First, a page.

Senior members of both major political parties in Jamaica have voiced support for making Jamaica a republic. In September 2003, then Prime Minister of Jamaica P. J. Patterson called for Jamaica to abolish the monarchy by 2007. Bruce Golding, while prime minister and leader of the conservative Jamaica Labour Party, also pledged that Jamaica would "take steps to amend the constitution to replace the Queen with a Jamaican President who symbolises the unity of the nation"
Prime Minister Portia Simpson-Miller expressed her intention to make Jamaica a republic to coincide with the country's 50th anniversary of independence in August 2012, but did not follow through with the proposed change which would require the support of two-thirds of both houses in the Parliament of Jamaica to pass; Simpson-Miller's People's National Party had a two-thirds majority in the House of Representatives but was one seat short in the Senate and would have needed the support of at least one senator from the opposition Jamaica Labour Party in order to have the constitutional reform approved.
The current leader of the JLP, Andrew Holness, who succeeded Simpson-Miller as prime minister in 2016, has announced that his government will amend the Constitution to make Jamaica a republic. Specifically, the government has pledged to introduce a constitutional amendment to "replace Her Majesty The Queen with a non-executive president as head of state".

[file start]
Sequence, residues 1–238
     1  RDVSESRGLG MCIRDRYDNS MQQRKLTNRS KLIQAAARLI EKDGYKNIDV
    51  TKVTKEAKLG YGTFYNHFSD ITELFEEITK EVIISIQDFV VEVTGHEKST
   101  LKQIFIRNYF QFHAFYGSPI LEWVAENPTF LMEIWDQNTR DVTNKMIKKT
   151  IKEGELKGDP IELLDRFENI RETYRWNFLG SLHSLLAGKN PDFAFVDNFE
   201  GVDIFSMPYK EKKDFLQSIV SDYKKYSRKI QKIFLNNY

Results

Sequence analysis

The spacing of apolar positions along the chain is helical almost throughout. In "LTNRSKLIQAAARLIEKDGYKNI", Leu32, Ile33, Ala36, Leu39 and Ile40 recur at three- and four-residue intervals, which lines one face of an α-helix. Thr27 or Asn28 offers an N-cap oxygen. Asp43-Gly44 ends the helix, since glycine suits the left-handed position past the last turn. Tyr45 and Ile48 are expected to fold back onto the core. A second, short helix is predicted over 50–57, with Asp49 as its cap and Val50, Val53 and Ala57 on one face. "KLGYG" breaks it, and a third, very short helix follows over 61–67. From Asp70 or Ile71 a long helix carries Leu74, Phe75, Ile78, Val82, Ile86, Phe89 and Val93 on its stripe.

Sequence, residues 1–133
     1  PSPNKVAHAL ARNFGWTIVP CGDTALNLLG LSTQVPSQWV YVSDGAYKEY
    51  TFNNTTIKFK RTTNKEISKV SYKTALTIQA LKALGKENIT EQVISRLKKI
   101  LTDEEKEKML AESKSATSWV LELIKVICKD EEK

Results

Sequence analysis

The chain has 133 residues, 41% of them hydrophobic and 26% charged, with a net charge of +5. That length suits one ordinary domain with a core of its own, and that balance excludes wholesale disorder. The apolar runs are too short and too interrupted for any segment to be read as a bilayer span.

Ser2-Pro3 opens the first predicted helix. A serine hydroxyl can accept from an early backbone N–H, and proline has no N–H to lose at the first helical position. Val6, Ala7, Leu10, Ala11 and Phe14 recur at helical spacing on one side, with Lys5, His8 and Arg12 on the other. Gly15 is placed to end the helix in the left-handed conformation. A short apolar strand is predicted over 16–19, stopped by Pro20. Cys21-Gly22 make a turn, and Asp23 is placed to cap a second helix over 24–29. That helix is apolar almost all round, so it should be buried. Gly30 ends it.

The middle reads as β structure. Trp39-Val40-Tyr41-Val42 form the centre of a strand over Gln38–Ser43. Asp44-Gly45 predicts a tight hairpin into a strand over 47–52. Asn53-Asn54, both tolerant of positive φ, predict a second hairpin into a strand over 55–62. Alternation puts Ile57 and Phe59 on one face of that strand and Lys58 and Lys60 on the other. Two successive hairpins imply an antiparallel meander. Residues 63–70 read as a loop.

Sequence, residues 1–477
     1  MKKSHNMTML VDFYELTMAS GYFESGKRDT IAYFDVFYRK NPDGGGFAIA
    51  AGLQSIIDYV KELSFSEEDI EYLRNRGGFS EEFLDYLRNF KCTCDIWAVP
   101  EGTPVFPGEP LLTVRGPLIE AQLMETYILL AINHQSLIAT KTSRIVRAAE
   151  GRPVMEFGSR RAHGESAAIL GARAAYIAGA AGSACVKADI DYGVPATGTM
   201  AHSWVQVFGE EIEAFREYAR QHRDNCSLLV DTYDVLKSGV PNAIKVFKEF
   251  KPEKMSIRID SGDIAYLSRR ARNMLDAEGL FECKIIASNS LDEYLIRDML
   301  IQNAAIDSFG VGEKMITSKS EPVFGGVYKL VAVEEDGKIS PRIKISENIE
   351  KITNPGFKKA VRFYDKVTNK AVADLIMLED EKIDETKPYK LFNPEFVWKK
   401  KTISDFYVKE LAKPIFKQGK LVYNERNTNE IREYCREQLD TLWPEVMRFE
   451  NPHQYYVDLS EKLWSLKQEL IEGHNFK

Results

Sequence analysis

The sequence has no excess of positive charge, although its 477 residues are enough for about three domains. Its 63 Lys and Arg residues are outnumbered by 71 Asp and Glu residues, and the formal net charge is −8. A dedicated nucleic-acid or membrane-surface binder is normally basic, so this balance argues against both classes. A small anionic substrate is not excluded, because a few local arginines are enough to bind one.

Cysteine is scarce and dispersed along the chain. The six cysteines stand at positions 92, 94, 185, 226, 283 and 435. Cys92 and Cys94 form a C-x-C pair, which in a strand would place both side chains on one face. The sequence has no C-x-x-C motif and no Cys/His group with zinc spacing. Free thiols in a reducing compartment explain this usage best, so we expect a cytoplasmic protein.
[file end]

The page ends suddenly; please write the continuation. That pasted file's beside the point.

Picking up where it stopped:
Jamaica’s Prime Minister Andrew Holness told Parliament that an advisory committee is to be established to lead Jamaica away from its status as a constitutional monarchy, Holness followed through with a direct message to Elizabeth II and her successors; that the island is ready to cut its ties to The Queen and the British Monarchy.
“We are moving on,” declared Andrew Holness in a conversation with the Duke of Cambridge, William, who was paying a courtesy visit at the Office of the Prime Minister (OPM) in St Andrew on March 23rd 2022.
In what appeared to a surprise public announcement on camera, Holness continued.
“We intend to attain, in short order, our development course and fulfil our true ambition as an independent, developed, prosperous country,”
A smiling Prime Minister and his wife, Juliet, the St Andrew East Rural Member of Parliament, had earlier welcomed William and his wife, Kate, the Duchess of Cambridge, to OPM, which was one of the stops on their visit to Jamaica which started on 22nd March.